• Mar 21st 2007 at 12:57PM
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Despite racking up its eigth victory in a row at last weekend's 12 Hours of Sebring, Audi is reportedly considering dropping out of the American Le Mans Series. Rumors of Audi yanking its unbeatable R10s from competition in the U.S. have been swirling ever since last season when race organizers began changing rules to slow down the Audis and give their competition a hope in hell of winning. Those revisions didn't work and the Audis kept winning.

ALMS organizers also instituted "special" rules for the Audi in last weekend's running of the 12 Hours of Sebring, forcing the R10s to run with a smaller fuel cell that held 81 instead of 90 liters of diesel. Changes like this slow the Audi R10s enough to bring them within spitting distance of the LMP2 class that is incredibly competitive this year thanks to the arrival of Acura on the scene. From Audi's perspective, the temporary rule changes instituted at Sebring apparently were not in line with what it considers fair racing. As such, the German automaker is reviewing where it stands with the American Le Mans Series.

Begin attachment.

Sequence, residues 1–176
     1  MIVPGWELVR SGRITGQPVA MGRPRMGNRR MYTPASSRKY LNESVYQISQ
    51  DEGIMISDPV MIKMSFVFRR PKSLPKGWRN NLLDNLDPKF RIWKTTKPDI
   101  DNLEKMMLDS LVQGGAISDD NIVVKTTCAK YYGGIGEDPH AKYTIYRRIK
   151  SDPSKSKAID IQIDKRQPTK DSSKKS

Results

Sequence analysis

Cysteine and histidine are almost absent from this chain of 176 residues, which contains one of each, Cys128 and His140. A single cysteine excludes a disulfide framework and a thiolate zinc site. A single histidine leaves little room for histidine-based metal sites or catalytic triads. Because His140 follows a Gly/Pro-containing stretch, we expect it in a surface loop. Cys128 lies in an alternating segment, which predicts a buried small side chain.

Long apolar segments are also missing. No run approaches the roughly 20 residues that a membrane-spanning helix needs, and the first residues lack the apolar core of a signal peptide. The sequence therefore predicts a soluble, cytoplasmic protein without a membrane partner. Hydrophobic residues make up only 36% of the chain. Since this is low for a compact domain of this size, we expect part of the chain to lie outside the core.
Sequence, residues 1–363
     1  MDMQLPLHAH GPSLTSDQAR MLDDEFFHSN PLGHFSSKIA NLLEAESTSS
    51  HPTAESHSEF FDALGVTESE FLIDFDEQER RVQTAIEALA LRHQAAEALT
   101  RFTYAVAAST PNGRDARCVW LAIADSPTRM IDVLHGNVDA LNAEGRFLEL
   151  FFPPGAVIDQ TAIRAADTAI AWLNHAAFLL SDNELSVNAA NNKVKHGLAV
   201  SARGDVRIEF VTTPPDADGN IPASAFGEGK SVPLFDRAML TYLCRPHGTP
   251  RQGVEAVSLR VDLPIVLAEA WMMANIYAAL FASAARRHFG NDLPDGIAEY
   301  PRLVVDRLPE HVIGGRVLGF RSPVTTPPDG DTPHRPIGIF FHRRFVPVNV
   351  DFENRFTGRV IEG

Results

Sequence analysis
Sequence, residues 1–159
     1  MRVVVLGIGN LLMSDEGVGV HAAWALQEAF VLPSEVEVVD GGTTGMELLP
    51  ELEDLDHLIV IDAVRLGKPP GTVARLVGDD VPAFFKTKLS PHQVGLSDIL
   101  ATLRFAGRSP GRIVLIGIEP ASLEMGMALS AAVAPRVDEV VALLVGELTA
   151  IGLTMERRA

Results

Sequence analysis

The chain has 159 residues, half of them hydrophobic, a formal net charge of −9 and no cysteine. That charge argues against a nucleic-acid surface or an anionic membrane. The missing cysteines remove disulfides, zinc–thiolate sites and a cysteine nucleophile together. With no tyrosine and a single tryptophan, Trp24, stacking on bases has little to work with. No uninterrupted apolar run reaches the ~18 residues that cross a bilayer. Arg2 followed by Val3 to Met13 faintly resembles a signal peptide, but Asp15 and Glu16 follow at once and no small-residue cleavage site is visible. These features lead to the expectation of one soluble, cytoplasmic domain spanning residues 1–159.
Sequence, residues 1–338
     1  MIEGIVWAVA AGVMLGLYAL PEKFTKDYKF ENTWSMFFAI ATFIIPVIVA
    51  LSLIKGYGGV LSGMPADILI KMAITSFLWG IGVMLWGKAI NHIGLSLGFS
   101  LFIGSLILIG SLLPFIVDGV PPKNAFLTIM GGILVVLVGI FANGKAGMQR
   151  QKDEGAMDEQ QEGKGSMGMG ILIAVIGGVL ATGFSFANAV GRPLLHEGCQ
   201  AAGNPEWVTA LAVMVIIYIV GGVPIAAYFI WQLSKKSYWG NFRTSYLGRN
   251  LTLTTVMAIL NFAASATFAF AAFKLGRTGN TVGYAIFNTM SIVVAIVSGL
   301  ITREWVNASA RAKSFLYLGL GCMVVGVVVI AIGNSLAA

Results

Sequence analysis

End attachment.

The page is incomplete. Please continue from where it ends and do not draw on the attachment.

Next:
We would hate to see Audi pull out of ALMS, even though it dominates every single race it enters. Ideally, ALMS should be recruiting more competitive LMP1 contenders, or perhaps it could institute a new class of diesel-powered racers called LMD1. We hear the French might be interested.


[Source: Yahoo Sports Germany via German Car Blog]

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    • 1 Second Ago
      • 8 Years Ago
      @Mike M

      How could the development of the TDi fail? You mean Audi does not know how to develop a 5.5l TDi? The engine was already developed for Q7 anyway. The one in R10 is just a modification for racing. And unfortunately R10 is just part of the strategy to promote Q7 diesel. Audi did not care that this will screw up the whole LMP1 class. Too bad that the privateers do not have a voice there.
      • 8 Years Ago
      Josh, actually ACO increased the weight the all LMP1s had to by (by 25kg) because the R10 was overweight. After the adjustment, the R10 was still overweight, but not as much as it would have been.